Preceded by the musicians and a couple of shepherds about 2000 sheep herded through the narrow alleyways of the village. Sheep being sheep, they pushed and shoved and bleated along in a tight flock, looking bewildered and getting faster and faster as they squashed along. TV cameramen bustled along with them filming for the local news and then it was over. As quickly as they’d arrived, the sheep had moved on, leaving a trail of little round poos in their wake. The idea then was to follow the flock to the ski area about 2 kilometres away where entertainment was provided including sheepdog displays and food stalls. Unfortunately, though we were short of time, having to get back to do a check-out and changeover in the gite before new guests arrived in the early evening, so we couldn’t continue along with the sheep.
As the sun was out we grabbed some sandwiches and decided to climb up to the top of the village for lunch before heading back to the car. Over the years we’ve visited many hill villages in the Alpes-Maritimes but never tire of exploring more, as each one has its own character. Roubion, as I mentioned before, is practically vertical, with steep narrow paths leading up and down in the most higgledy-pickledy fashion I’ve ever seen. My bilingual Frenchy husband and kid learnt a new word (expression?) that day… I’m not sure if I’d ever used it before, but it struck me that it was exactly the right way to describe the village. Paths led up and down wherever you looked, almost Escher-like, a reference my 12 year old understood having visited the M.C.Escher museum in The Hague during the summer!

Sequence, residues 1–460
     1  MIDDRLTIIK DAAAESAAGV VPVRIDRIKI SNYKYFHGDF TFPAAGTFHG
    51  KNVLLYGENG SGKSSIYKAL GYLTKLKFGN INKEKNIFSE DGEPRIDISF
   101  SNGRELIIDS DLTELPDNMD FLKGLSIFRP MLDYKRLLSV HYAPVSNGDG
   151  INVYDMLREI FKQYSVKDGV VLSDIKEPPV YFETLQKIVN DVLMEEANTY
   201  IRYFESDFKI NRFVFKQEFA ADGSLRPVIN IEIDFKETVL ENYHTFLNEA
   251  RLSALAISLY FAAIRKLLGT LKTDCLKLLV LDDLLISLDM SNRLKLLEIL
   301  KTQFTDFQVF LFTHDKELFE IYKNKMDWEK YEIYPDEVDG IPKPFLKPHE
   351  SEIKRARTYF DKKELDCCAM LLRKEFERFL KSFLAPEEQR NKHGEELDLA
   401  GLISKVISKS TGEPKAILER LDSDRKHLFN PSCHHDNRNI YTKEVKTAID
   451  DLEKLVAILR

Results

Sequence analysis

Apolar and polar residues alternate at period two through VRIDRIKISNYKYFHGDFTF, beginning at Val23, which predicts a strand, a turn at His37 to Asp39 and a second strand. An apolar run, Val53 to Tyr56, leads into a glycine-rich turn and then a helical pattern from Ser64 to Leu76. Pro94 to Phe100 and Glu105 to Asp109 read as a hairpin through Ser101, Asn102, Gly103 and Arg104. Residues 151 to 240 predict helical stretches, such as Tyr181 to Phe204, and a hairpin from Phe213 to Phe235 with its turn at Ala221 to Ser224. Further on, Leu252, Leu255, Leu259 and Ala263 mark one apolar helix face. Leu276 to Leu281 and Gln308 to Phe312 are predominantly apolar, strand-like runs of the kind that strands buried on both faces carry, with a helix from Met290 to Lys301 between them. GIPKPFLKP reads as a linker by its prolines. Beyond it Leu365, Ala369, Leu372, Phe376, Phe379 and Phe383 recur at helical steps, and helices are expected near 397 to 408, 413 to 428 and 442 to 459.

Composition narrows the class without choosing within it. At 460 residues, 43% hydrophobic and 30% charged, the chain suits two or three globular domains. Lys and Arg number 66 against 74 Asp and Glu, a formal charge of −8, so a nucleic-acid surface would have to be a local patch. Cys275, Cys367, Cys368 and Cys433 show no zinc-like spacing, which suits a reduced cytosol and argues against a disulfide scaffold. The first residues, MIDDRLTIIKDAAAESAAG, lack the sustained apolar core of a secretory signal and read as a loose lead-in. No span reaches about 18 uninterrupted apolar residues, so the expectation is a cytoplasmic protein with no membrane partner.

Houses in these hill top villages are often decked with flowers and succulents, growing out of the tiniest places, but this time we were charmed by an unusual feature that we’d not seen before – many buildings had naïve paintings of traditional country, mountain and village scenes on the doors, walls and shutters.
We climbed up past a curiously laid-out painted chapel and several ruined buildings under an impressive rocky outcrop, high above the village to be greeted with glorious sweeping views of the mountains and valleys dotted with flamboyant autumn colours – some of the best I’ve seen in this area.